Whether Wakaichiro receives a kachi-koshi or not, I think this basho will be an extremely good learning experience for him.  He is clearly having matches where he tries to execute a gameplan, but his opponent either has a counter or just a better gameplan.  More matches like these will only sharpen his abilities.  While I am unsure whether Wakaichiro will meet my prior prediction of a 4-3 record in this basho, I am more excited to see his development after this basho.


Other Rikishi

While there are many lower-division rikishi to watch, I will only note two here.

Ura Kazuki is a former makuuchi competitor, making it all the way to a rank of four before having a severe injury.  After sitting out for a year, Ura made his return to the sandanme division.  Many people were expecting him to pick up an easy yusho, but Ura showed a little ring-rust in his second match.  This caused him to lose to the experienced opponent, and he now has a 2-1 record.  I think he will probably finish with a 6-1 record, but this return basho has already demonstrated that his ascent back to the makuuchi division won’t be as easy as many believed.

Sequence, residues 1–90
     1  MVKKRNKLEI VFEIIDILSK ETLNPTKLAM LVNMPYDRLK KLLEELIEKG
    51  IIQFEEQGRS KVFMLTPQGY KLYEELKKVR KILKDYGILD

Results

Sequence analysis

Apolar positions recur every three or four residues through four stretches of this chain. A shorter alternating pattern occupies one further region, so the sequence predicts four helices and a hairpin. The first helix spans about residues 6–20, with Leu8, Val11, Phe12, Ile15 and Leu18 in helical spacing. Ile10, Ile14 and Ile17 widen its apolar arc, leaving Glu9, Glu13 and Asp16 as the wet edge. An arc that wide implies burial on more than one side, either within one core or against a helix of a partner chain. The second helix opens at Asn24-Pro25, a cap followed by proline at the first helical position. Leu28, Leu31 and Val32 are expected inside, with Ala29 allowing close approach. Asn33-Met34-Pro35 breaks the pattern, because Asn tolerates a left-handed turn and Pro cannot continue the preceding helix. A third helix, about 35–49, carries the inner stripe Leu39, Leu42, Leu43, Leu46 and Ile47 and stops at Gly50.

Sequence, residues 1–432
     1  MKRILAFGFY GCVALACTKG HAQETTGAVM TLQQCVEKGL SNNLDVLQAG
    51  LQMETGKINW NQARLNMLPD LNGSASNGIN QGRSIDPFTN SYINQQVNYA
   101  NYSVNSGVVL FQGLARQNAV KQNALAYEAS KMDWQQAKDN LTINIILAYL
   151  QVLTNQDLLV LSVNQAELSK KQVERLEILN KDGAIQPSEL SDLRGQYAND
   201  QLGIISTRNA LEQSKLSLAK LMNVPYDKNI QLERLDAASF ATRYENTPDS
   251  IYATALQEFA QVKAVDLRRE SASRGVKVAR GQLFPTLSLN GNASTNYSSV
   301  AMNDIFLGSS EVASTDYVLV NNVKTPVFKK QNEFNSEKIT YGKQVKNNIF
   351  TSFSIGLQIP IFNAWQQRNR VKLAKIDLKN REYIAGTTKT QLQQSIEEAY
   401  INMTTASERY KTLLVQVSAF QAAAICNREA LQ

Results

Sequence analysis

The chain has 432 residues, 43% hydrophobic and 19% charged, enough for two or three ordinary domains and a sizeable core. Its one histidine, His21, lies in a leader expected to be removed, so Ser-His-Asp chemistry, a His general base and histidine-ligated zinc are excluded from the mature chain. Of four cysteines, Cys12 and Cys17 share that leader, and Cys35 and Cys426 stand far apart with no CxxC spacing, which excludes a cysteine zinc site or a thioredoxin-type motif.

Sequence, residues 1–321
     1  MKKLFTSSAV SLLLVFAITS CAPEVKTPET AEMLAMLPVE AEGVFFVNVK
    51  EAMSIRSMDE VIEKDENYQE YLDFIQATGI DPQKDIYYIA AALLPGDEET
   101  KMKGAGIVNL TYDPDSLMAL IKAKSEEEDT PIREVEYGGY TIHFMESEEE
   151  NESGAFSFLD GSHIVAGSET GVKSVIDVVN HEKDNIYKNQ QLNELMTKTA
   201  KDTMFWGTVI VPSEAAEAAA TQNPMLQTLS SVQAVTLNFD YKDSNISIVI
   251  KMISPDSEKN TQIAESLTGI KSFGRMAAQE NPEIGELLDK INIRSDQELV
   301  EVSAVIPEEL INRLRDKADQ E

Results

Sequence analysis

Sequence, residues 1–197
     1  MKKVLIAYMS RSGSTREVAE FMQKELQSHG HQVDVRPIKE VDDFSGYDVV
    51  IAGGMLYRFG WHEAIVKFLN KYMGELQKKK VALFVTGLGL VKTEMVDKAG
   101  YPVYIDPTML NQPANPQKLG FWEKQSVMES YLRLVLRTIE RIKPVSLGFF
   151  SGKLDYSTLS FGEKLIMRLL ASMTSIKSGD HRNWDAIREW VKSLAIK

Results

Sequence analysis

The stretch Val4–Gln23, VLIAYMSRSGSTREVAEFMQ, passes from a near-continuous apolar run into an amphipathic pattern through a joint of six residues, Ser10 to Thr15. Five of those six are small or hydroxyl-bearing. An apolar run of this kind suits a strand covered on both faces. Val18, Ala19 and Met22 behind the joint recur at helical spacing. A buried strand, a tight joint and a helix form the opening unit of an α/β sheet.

I’ve had my eye on Hoshoryu Tomokatsu since the last basho.  He is currently ranked Makushita 56 after only four bashos (Aki being his fifth). In those four bashos, he went 3-1, 6-1, 7-0, and 6-1.  Clearly, he is going to be a top-level competitor sooner rather than later.  In the Aki basho, he is currently 3-0.  I highly recommend finding clips of his performances, as they are extremely entertaining.  He is a little undersized for a rikishi (236 lbs/107 kg), but he is extremely fierce!

Lastly, don’t forget to follow NorthAmericanSumo.com on Twitter for live updates of the Aki Basho 2018!